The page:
Have you ever made a horrible mistake? I'm not referring to a bad perm or a powder blue tux kind of mistake.
Or a medium-sized error, like discovering sea foam green looks much better on a two-inch sample than it does on an entire car. Or that dirty jokes don't go over very well with the boss's wife at the company Christmas party, no matter how much eggnog she's consumed.
I'm talking about a big, terrible, life-altering mistake; the kind where you lie awake at night churning over every detail, wondering how you ever got yourself into such an awful spot.
"Why did I ever marry a recovering alcoholic with three teenage boys?"
"What possessed me to invest my life savings in a business that makes giant Styrofoam pumpkins?"
"Why did I think that 'transitional neighborhood' meant economic opportunity and 'fixer upper' meant great family project?"
Rare is the human being who lives life without any regrets. Most of us bunglers make numerous errors and often spend hours on end ruminating about our mess-ups.
As best I can tell, most mistakes fall into one of three categories:
1. Bloopers and blunders - Mildly humiliating, these goofs and gaffes are painful for us, but they're a mere blip on everyone else's radar. You may still cringe at the memory of the time you gave the big 37-slide presentation for the senior management team with a nine-inch trail of toilet paper dragging behind your left shoe, but most of your colleagues have forgotten the entire meeting altogether.
2. Mendable Missteps - Although often costly, these common errors in judgment are usually recoverable. Your in-laws might not have liked the fact that you announced your atheism over Thanksgiving dinner with their pastor but, if you apologize enough for the next 10 years, they may eventually write you back into their will. And, while painting your house flamingo pink may not have been the best aesthetic decision you ever made, a few thousand bucks can fix it.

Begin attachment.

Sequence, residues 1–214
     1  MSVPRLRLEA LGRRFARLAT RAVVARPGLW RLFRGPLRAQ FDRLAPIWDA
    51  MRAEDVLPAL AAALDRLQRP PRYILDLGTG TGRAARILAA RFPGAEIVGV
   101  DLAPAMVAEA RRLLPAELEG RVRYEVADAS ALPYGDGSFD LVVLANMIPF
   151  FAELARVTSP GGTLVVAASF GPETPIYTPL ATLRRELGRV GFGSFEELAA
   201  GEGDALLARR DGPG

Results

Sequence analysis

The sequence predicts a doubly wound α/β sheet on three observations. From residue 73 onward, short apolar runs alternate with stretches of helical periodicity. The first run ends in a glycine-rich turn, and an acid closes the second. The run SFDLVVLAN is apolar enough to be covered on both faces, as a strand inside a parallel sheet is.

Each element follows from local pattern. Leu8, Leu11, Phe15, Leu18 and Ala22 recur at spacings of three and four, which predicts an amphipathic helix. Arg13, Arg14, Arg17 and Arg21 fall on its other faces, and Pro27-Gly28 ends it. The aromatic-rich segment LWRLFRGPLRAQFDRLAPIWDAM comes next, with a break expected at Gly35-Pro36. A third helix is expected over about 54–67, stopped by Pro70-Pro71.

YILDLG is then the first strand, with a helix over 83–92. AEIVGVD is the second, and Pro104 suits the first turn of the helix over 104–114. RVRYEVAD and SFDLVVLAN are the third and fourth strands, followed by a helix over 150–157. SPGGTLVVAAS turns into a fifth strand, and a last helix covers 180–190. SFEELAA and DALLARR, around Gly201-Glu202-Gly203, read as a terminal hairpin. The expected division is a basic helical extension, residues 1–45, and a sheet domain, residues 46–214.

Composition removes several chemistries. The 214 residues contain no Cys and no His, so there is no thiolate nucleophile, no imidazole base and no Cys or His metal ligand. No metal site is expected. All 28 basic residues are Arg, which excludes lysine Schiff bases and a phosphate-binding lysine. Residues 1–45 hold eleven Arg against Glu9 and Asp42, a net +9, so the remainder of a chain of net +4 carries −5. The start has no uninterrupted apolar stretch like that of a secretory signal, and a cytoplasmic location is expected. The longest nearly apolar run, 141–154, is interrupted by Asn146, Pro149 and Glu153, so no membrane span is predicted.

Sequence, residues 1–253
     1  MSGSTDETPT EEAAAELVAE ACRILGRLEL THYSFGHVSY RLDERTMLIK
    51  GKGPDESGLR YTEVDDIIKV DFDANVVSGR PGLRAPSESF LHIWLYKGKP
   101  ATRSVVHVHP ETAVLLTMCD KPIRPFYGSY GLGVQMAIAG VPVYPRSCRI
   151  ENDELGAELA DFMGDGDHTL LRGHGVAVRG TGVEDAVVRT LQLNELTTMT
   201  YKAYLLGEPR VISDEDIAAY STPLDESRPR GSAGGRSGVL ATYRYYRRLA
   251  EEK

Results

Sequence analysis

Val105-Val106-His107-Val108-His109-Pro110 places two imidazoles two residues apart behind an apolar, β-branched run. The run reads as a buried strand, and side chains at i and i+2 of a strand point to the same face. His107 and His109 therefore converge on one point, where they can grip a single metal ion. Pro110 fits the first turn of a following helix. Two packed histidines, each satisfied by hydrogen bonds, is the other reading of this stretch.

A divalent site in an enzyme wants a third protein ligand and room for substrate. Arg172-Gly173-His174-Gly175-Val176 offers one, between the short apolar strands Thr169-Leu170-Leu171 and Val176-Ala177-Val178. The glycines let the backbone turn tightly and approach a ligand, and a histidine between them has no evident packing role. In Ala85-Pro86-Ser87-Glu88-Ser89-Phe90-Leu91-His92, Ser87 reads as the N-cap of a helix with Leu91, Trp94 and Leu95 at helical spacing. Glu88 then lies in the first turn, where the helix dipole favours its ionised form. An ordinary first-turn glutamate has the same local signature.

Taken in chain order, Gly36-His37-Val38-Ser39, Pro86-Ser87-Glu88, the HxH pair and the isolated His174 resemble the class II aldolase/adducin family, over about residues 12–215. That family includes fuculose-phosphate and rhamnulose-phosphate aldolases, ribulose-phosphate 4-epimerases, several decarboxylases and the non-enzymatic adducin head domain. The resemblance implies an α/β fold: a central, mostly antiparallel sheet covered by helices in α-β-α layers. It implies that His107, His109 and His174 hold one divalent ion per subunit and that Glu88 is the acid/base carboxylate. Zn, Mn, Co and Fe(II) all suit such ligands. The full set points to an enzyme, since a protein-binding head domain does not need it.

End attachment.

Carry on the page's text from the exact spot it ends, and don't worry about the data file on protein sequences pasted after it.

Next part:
3. Crash and Burn - These are the biggies that require more than a checkbook or a mea culpa to mend. Maybe it's a cross-country move for a job you wind up hating, a marriage made in haste or a bad business decision that sucks your retirement savings down the tube. As you stew over the series of events that led you to this awful spot, you feel sick at your own stupidity and wonder why you missed the warning signs.
The bloopers and missteps are common staples of human life. The faster you put your ego aside and do the right thing, the quicker you'll move on. But how do you cope with a crash and burn when you've already made the move, exchanged the rings or written the check?
The first thing you need to decide is whether you want in, or you want out. Nothing sucks the life out of you faster than spending eight hours a night tossing and turning second-guessing something you've already done. As tempting as it is to wallow in your misery, businesses, marriages and homes never work when you stay on the sidelines wondering if you want to be there.
If you're not sure whether it's time to fish or cut bait, give yourself a deadline. Calculate up the costs - financial and emotional - of staying in vs. getting out, determine the worst case scenario of each option, and then decide which side of the fence you're on. If you want out, then get yourself out, even if it's painful and costly. But if you decide to stay in, quit waffling and give it everything you've got. Bad hair do's grows out and ugly cars can be traded in.
But wasting your time tormenting yourself with the "woulda, coulda, shoulda's", is the biggest mistake you'll ever make.
Lisa Earle McLeod is a nationally syndicated columnist and the author of "Forget Perfect" and "Finding Grace When You Can't Even Find Clean Underwear." Contact her or join her interactive blog at www.ForgetPerfect.com.